Metabolism regulation: a close association

Apparently, microbes act as a critical regulator in metabolism regulation. The effect of metabolites produced by gut microbiota on intestinal and systemic homeostasis has been verified by a substantial amount of studies [151]. Microbial metabolites do play important roles in diverse biologic and pathologic processes, including translation, gene regulation, stress resistance, and cell proliferation, differentiation, apoptosis, tumor development and aggressiveness, which were illustrated in colorectal [152155], breast cancer [156]. As a risk factor for various diseases, obesity do result in severe social and psychological consequences, and obesity-linked gut microbiota dysbiosis exerts influence on obesity-related cancer [157, 158], including PDAC. Lower bacterial diversity and altered expression of bacterial genes are regarded as principle factors in the pathogenesis of obesity [159]. Although studies about obesity, the gut microbiota, and PDAC are rare, mechanisms have been formulated in other studies, including that abnormal microbial metabolism contributes to the production of pro-carcinogenic metabolites. DIO (diet-induced obesity) alters the gut microbiota by increasing generation of deoxycholic acid (DCA), a gut bacterial metabolite known to cause DNA damage [160]. The possibility that metabolites generated by gut microbes link dysbiosis to PDAC progression via metabolite-sensing receptors acting in pancreatic cells or other cells, merits further experiment and exploration [161].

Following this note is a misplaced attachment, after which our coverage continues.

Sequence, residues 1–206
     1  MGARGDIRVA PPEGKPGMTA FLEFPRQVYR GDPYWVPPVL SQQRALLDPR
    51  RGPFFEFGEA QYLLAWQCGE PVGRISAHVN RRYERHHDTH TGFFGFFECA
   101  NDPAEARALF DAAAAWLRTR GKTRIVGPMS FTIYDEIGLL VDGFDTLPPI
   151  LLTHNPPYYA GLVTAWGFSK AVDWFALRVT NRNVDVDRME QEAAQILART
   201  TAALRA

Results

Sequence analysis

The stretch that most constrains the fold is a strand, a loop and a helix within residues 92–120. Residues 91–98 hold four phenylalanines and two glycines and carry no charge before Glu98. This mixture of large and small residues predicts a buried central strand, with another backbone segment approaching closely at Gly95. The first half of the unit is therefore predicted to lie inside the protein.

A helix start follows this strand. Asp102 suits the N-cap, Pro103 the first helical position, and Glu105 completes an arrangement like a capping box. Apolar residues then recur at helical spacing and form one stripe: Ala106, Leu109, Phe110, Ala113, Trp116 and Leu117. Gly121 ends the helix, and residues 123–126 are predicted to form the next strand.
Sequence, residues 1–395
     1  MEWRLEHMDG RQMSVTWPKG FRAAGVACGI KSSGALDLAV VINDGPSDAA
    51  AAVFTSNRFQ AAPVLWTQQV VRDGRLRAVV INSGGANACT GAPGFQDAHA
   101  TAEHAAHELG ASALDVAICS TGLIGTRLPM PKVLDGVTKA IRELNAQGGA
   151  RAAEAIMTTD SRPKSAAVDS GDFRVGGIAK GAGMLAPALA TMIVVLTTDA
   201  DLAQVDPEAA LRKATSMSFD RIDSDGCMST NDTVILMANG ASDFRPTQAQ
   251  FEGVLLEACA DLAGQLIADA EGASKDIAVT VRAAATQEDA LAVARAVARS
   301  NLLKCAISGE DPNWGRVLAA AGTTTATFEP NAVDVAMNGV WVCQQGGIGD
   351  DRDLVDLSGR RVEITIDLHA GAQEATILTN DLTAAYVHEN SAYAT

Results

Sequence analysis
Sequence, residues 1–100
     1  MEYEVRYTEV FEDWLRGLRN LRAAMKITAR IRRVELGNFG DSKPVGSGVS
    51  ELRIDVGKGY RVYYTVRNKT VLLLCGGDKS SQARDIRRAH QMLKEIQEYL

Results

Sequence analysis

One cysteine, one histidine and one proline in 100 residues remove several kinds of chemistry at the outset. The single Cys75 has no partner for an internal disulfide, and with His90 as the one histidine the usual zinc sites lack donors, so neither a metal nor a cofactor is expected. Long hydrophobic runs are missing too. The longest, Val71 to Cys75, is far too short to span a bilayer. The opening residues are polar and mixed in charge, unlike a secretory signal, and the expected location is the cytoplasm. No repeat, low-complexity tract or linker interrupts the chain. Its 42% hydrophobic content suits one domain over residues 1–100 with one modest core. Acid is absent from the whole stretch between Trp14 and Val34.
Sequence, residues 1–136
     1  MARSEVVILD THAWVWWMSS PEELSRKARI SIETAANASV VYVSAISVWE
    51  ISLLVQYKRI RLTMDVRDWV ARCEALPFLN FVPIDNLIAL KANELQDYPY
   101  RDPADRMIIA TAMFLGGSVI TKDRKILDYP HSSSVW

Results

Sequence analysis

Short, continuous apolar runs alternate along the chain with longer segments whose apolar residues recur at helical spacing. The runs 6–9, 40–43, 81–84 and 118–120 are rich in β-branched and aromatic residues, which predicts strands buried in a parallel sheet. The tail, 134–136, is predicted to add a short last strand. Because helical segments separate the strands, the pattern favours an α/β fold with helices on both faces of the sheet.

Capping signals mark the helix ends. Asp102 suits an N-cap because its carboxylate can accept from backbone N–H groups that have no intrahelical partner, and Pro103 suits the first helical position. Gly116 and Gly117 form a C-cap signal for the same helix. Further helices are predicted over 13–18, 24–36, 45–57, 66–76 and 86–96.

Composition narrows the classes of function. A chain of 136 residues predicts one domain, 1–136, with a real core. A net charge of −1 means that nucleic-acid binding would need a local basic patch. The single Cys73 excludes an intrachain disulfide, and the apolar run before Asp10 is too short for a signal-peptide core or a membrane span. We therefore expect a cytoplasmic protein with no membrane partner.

Oncogenic K-ras accompanied by activation downstream effectors is insufficient in the formation process of invasive PDAC. Environmental or extrinsic factors including inflammation, metabolic, nutritional, or additional genetic mutations are also required. Changes in the gut microbiota are one of the factors “upstream” of K-ras linked with obesity that can enhance or modulate downstream signals [161]. Proofs in other cancer models have confirmed that dysbiosis induced by high-fat diet accelerated K-ras-driven intestinal tumorigenesis [128].

Surprisingly, microbiota within tumors could confer gemcitabine resistance in patients with PDAC. Cytidine deaminase (CDD) is an enzyme responsible for maintaining the cellular pyrimidine pool, which is involved in nucleic acid metabolism. Notably, certain microbes that frequently express CDD are capable of converting gemcitabine (2′,2′-difluorodeoxycytidine) into its inactive metabolite 2′,2′-difluorodeoxyuridine. Here are some examples: Geller and colleagues [117] used murine model and 113 human tissue samples of PDAC, showing that the presence of intratumoral Gammaproteobacteria class was responsible for inducing resistance to gemcitabine and that this effect was abolished by the use of antibiotics. When injected CDD-expressing Escherichia coli into the tumor-bearing mice, the researchers found that gemcitabine efficacy was dramatically impaired [162]. In addition, PDAC cells cultured with the medium that contaminated with Mycoplasma hyorhinis were completely resistant to gemcitabine.